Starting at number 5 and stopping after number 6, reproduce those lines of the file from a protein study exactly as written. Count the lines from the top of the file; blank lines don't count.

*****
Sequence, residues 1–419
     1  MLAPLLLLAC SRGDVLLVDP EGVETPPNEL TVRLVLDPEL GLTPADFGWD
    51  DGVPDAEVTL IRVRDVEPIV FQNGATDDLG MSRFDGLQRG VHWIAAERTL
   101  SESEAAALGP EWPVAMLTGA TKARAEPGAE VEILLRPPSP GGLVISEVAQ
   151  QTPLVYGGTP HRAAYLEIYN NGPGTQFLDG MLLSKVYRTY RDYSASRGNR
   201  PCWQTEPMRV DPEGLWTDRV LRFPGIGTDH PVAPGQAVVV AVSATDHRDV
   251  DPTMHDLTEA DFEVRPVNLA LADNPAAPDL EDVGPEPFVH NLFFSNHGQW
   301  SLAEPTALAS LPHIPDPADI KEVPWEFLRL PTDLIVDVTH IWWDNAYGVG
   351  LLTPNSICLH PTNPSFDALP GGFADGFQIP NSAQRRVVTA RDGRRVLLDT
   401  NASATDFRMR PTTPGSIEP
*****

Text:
   151  QTPLVYGGTP HRAAYLEIYN NGPGTQFLDG MLLSKVYRTY RDYSASRGNR
   201  PCWQTEPMRV DPEGLWTDRV LRFPGIGTDH PVAPGQAVVV AVSATDHRDV